The vendetta to REVENGE pipeline with Gareth Chambers

Words by Jodie Nunn

“I was at a complete dead end and being a follower of ancient mythologies I saw that there was power in having a vendetta and allowing that energy to transform you and let you start again.” Gareth Chambers speaks nonchalantly about his choreographer-induced mental and physical breakdown. A Horizon 2023 Artist and former Jerwood Fellow and Associate Director for the Welsh National Opera, Chambers addresses his arrival at the intersection of dance, class, queer masculinity, and libertarianism; his latest creation, THE REVENGE OF POPPERFACE, the first instalment of the POPPERFACE trilogy; and from where to siphon the fuel for catalysing new movement material.

Jodie: Tell us about yourself; how did you arrive at the intersection at which dance performance and choreographic methodologies interweave with class, queer masculinity, and libertarianism?

Gareth: REVENGE came from being angry and yearning for some kind of retribution. I worked with a choreographer a few years ago and had an awful time which culminated in a mental and physical breakdown. I was at a complete dead end and being a follower of ancient mythologies I saw that there was power in having a vendetta and allowing that energy to transform you and let you start again. I started training in boxing and MMA three years ago and it feels good being able to do a roundhouse kick if the time calls for it. In Revenge I wanted to channel this fighting energy.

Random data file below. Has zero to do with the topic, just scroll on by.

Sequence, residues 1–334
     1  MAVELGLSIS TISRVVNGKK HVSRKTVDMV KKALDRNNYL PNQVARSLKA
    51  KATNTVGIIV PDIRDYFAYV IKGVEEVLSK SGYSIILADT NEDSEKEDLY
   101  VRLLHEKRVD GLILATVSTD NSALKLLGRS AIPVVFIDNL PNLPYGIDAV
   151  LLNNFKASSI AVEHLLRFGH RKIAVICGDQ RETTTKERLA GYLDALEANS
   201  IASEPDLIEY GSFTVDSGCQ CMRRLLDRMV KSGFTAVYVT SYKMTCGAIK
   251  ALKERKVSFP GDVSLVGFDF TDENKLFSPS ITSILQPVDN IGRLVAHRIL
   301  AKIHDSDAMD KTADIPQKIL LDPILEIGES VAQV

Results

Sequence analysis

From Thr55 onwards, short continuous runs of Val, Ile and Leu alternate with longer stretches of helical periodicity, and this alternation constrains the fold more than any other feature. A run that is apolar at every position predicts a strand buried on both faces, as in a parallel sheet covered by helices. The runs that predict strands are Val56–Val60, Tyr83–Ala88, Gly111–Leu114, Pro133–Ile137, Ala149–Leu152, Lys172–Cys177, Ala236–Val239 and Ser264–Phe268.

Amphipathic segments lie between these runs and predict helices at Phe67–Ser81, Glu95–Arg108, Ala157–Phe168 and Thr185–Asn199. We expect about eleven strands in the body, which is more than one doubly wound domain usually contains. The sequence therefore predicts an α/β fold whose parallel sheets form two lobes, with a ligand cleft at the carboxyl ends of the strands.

Here in the UK I feel we don’t talk enough about class and we don’t see enough work made for and by working class artists. We are often demonised by mainstream media for just living our lives and trying to make the best of a very complex situation. A lot of working class people are feeling very attacked right now and this anger unfortunately causes tension. My practice allows me to channel this anger and I think a theatre is the perfect place for it. 

Libertarianism has been warped by those who don’t fully understand it’s core values, personally I want the right to be a creative individual. We are living in very conservative times and this worries me, I often can’t sleep because of it.